15 14 A. Černý and S. D. Hodges As an immediate consequence we have PROPOSITION 15. For preferences which are arbitrage-sensitive no arbitrage is a limiting case of no good deal equilibria as a if and only if the preference relation is downside-sensitive. For von Neumann-Morgenstern preferences to be downside-sensitive the generating utility function must discount negative outcomes su ciently heavily, lim x x =0 (3) U(x) as demonstrated in Lemma 23. This condition is satisfied by all frequently used utility functions, except for the Domar-Musgrave utility, seefootnote9. More importantly, by virtue of Lemma 20 the downside sensitivity property (3) guarantees that the sets of desirable claims are boundedly generated. THEOREM 16. For any unbounded utility function satisfying lim x x U(x) =0 the set of desirable claims K(a) is boundedly generated for any a R. Proof. See Appendix B Representative agent equilibrium as a limiting case Suppose for simplicity that the reference wealth level is w r =0. As a 0 the cone of virtually good deals is getting wider and eventually becomes a hyperplane provided that the indi erence surface is su ciently smooth. At the same time the cone of complete market state prices becomes narrower until it finally collapses into the gradient of indi erence surfaces. Inthepresenceofbasisassetswefirst find the market portfolio w M that achieves the maximum certainty equivalent gain a M. It is clear that if we add more assets then the attainable certainty equivalent gainwillbeatleasta M.Theconditiona a M is now equivalent to requiring that the new asset does not shift the e cient frontier EU(Z + w M ) EU(w M ) 0, (4) where Z is the excess return of the new asset with respect to the market portfolio. For Z su ciently small and U su ciently smooth we have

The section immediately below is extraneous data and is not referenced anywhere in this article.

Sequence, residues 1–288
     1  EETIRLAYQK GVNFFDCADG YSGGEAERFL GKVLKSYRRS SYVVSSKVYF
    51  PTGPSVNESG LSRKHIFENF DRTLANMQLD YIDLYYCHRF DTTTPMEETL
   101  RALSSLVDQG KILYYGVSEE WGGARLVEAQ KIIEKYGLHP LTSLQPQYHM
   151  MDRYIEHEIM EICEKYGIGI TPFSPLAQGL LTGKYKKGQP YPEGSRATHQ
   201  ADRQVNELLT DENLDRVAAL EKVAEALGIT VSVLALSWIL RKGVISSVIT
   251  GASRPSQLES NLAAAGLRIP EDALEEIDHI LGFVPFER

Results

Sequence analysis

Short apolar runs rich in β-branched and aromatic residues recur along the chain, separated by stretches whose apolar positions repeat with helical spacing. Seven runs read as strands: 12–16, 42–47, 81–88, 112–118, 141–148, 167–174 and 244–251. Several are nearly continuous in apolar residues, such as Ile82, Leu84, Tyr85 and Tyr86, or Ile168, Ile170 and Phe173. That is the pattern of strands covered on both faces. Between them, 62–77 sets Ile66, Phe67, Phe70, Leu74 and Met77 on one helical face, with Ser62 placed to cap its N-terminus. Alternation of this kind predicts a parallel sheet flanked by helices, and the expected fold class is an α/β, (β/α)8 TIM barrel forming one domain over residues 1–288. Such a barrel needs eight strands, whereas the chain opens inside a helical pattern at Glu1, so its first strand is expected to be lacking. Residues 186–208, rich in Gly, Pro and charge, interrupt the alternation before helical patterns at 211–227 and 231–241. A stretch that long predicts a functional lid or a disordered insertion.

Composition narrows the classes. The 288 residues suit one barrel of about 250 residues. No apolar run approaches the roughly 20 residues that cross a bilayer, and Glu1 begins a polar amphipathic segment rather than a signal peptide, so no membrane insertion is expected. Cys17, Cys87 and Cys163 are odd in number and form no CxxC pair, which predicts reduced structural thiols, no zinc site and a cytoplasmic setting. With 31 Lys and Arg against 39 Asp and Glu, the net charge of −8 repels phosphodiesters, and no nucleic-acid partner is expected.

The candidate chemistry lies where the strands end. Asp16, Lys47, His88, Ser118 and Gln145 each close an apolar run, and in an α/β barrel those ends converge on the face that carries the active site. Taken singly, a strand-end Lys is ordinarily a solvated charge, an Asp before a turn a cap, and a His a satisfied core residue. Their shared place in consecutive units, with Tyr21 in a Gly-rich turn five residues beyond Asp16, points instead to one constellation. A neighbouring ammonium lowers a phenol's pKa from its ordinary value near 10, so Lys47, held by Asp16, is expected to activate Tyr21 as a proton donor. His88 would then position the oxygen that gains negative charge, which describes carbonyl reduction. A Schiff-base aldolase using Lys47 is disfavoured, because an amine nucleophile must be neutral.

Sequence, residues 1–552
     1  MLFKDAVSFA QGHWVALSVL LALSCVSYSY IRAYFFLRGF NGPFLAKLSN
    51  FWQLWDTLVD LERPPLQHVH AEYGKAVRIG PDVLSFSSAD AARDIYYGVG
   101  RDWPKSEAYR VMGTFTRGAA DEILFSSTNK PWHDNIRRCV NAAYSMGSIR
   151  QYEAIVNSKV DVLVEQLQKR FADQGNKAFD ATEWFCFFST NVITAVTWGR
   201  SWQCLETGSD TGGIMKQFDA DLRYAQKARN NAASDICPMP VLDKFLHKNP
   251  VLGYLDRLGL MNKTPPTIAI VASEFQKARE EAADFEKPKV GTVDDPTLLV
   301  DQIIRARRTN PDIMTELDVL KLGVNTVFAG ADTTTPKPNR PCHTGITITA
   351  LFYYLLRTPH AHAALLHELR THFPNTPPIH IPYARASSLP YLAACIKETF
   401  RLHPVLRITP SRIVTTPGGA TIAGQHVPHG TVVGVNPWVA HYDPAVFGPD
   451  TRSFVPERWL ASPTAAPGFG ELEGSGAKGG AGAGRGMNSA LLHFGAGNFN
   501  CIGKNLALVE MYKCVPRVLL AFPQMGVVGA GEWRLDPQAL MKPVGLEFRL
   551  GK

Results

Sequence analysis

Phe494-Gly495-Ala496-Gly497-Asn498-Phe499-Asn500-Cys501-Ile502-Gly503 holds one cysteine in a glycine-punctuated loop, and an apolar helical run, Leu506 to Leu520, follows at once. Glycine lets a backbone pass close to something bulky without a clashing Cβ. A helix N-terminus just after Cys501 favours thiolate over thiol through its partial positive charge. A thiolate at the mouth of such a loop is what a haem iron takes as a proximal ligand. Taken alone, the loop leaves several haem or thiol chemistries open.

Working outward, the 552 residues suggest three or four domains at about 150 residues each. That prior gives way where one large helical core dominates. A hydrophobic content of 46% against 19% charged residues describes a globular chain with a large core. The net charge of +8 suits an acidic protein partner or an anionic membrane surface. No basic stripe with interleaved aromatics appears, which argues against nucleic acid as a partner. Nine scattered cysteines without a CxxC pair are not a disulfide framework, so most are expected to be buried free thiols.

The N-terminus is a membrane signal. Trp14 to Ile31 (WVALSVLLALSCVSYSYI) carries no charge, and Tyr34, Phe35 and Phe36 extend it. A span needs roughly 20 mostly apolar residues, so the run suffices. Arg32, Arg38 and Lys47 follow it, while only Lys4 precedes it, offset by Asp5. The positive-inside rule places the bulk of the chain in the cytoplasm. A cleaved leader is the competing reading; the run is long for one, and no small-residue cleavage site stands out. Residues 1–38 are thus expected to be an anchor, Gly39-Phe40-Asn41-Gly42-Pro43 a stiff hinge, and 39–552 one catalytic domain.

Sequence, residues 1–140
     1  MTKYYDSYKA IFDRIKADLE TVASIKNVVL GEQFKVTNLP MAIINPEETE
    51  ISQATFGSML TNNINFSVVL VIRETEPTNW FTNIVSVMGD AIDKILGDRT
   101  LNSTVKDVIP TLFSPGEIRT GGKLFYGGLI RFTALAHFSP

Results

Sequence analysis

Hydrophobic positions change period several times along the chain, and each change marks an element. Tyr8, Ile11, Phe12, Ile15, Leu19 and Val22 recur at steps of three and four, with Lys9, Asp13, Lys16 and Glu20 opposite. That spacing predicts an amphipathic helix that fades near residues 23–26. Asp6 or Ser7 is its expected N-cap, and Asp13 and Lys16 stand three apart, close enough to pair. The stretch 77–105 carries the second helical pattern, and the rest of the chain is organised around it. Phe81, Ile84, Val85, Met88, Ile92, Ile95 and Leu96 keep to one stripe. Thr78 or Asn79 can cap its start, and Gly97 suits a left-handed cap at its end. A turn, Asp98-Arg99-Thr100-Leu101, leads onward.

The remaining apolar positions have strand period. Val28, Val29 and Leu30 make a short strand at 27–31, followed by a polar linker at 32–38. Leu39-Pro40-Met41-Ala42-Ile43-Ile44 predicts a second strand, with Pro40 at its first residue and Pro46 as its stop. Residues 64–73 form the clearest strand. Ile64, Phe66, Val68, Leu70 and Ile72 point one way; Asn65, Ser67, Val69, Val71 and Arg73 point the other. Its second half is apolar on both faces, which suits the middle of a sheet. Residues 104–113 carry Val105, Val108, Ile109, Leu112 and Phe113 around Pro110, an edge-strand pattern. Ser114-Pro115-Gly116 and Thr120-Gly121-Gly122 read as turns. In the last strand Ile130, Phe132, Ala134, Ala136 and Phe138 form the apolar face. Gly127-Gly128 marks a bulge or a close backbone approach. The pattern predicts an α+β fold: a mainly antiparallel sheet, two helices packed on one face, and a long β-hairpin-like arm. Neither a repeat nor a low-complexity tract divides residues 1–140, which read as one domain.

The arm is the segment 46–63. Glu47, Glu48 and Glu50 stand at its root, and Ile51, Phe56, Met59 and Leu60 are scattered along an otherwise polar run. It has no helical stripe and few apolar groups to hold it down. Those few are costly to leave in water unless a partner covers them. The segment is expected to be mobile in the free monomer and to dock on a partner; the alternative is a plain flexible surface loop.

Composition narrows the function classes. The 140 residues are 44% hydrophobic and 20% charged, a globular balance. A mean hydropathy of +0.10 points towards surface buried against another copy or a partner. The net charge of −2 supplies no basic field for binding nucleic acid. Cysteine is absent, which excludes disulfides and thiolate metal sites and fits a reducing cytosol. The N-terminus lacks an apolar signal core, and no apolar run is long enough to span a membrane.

16 Theory of Good-Deal Pricing 15 C(0) C (0) = {g 0 } C(a) C (a) K(0) 0 a a K(a) a>0 0 a a =0 Figure 5. Set of desirable claims K(a) for a 0 EU(Z + w M ) EU(w M ) EU 0 (w M )Z =0, the last equality being the consequence of the no-good-deal condition (4). This implies that the new claim must be priced with the change of measure proportional to the marginal utility of the representative agent. When there are no basis assets this amounts to risk-neutral pricing 12 because U 0 (R f w 0 ) is constant. We formalize this intuition in the following section. 4. No-good-deal pricing theorem for utility-based equilibrium restrictions 4.1. Finite state space In a finite state model with equilibrium restrictions generated by an unbounded utility function one obtains a clear-cut characterization of no-good-deal price bounds. THEOREM 17. Suppose dim X < +. Let us have a downnsidesensitive unbounded (arbitrage-sensitive) utility function U, which is once di erentiable and strictly concave. Denote the set of all claims with desirability level a or higher as K(a). Let there be a marketed subspace M in which there is no arbitrage and denote M 0 the set of marketed claims with zero price. Assume that there is a risk-free security with return R f. Let there be further m focus assets with payo s y 1,y 2,...,y m, and let us denote P (a) R m the region of prices of the focus assets such that no claim in the extended market has desirability level exceeding a. Then 12 Not to be confused with the pricing under risk-neutral probabilities. Here we mean the risk-neutral valuation under objective probabilities, one which is frequently used in macroeconomics.